The Open Syllabus Project Gathers 1,000,000 Syllabi from Universities & Reveals the 100 Most Frequently-Taught Books

≡ Category: Education |9 Comments

Earlier this week, we highlighted The 20 Most Influential Academic Books of All Time, according to a recent poll conducted in Britain.
Now comes the Syllabus Explorer, a new website created by the Open Syllabus Project at Columbia University.

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Nietzsche Lays Out His Philosophy of Education and a Still-Timely Critique of the Modern University (1872)

≡ Category: Education, Philosophy |6 Comments

In a recent entry in the New York Times‘ philosophy blog “The Stone,” Robert Frodeman and Adam Briggle locate a “momentous turning point” in the history of philosophy: its institutionalization in the research university in the late 19th century.

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An Animated Carol Dweck on Why Parents Who Tell Their Kids How Smart They Are Aren’t Doing Them Any Favors

≡ Category: Animation, Education, Psychology |Leave a Comment

After a long hiatus, the RSA (The Royal Society for the Encouragement of Arts, Manufactures and Commerce) has returned with another one of the whiteboard animated-lectures they pioneered five years ago.

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An Animated Neil deGrasse Tyson Gives an Eloquent Defense of Science in 272 Words, the Same Length as The Gettysburg Address

≡ Category: Education, Science |2 Comments

Astrophysicist Neil deGrasse Tyson, the most prominent public defender of science education and funding, frequently comes in for some good-natured ribbing for his genial pedantry, ascension to Carl Sagan’s unofficial spokesmanship, and downgrading of the beloved Pluto from planet status. But he takes it all in stride.

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Kanye Lectures at Oxford University on Genius, Class & a Whole Lot More

≡ Category: Education, Music |5 Comments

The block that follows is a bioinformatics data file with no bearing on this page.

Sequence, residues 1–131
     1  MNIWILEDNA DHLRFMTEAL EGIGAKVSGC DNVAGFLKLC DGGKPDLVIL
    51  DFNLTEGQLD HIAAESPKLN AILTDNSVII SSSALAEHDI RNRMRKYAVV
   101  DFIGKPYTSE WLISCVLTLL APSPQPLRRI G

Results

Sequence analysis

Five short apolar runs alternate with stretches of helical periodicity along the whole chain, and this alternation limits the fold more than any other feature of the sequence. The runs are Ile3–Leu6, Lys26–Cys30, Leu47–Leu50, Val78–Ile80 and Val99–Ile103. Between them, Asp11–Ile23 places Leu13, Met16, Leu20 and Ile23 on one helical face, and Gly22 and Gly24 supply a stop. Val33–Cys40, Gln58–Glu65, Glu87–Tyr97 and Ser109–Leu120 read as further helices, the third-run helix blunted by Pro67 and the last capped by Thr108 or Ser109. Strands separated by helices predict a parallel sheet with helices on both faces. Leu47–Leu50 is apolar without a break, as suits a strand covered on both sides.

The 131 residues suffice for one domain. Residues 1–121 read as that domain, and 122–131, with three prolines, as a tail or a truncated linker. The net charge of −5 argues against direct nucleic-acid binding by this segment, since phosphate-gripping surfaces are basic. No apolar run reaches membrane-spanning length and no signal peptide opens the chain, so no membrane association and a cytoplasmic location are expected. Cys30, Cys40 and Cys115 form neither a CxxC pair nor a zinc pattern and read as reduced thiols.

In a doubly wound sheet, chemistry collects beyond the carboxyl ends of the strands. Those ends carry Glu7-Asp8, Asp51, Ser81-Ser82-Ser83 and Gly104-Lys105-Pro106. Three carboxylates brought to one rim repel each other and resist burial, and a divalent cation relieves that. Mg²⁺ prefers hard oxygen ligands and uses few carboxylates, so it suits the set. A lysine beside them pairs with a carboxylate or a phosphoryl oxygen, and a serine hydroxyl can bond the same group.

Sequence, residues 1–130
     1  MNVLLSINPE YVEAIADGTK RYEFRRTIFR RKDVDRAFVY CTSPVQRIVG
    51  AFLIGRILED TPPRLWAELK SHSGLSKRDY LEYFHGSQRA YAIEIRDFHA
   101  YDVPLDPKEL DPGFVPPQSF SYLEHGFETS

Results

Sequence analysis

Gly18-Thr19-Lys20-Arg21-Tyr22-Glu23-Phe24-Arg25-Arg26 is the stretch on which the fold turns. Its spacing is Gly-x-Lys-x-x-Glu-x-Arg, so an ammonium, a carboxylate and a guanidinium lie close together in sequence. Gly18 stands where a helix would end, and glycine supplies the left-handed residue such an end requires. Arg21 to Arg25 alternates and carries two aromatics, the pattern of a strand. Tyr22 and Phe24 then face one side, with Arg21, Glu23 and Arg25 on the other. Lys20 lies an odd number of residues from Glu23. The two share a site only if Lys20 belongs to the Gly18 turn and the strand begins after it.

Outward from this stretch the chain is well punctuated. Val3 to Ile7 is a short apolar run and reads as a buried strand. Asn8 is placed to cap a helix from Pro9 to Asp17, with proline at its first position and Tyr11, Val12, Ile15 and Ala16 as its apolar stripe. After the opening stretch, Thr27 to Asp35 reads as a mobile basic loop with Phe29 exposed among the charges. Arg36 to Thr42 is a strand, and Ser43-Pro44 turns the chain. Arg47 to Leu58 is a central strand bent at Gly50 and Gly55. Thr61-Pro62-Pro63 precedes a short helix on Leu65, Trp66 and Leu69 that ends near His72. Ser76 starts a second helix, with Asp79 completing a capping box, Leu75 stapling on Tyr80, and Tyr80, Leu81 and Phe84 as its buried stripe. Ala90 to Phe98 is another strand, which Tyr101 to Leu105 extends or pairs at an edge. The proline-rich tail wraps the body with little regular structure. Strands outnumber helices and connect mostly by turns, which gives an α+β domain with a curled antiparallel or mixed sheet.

Kanye West annoys a lot of people because of his ego, and because he doesn’t rely on others to call him a genius. He’ll tell you right away that he is one, and a misunderstood one at that.

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Striking Poster Collection from the Great Depression Shows That the US Government Once Supported the Arts in America

≡ Category: Art, Education, History, Literature, Theatre |6 Comments

Of the rare and extraordinary times in U.S. history when the U.S. government actively funded and promoted the arts on a national scale, two periods in particular stand out.

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Watch Björk, Age 11, Read a Christmas Nativity Story on a 1976 Icelandic TV Special

≡ Category: Education, Life, Music, Religion, Television |1 Comment

www.youtube.com/watch?v=73UqDX_quk0″>Most

The holidays can be hard, starting in October when the red and green decorations begin muscling in on the Halloween aisle.
Most Wonderful Time of the Year, you say? Oh, go stuff a stocking in it, Andy Williams!
The majority of us have more in common with the Grinch, Scrooge, and/or the Little Match Girl.

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Lynda Barry’s Illustrated Syllabus & Homework Assignments from Her New UW-Madison Course, “Making Comics”

≡ Category: Art, Comics/Cartoons, Education, K-12, Online Courses |4 Comments

Cartoonist turned educator Lynda Barry is again permitting the world at large to freely audit one of her fascinating University of Wisconsin-Madison classes via her Tumblr. (To get to the start of the class, click here and then scroll down the page until you reach the syllabus, then start working your way backwards.

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John Cleese Touts the Value of Philosophy in 22 Public Service Announcements for the American Philosophical Association

≡ Category: Comedy, Education, Philosophy |6 Comments

www.youtube.com/watch?v=iV2ViNJFZC8″>Minister

Creative Commons image by Paul Boxley
 
John Cleese, you say, a spokesman for the American Philosophical Association? Why would such a serious organization, whose stated mission is to foster the “broader presence of philosophy in public life,” choose a British comedian famous for such characters as the overbearing Basil Fawlty and ridiculo

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The Lord of the Rings Mythology Explained in 10 Minutes, in Two Illustrated Videos

≡ Category: Education, Literature |2 Comments

As a lover of fantasy and science fiction, but by no means a know-it-all fanboy, I know what it’s like to come to a fictional universe late. It can seem like everyone else has already read the canon, seen the movies, and memorized the genealogies, origin stories, magical arcana, number of ancient blood feuds, etc.

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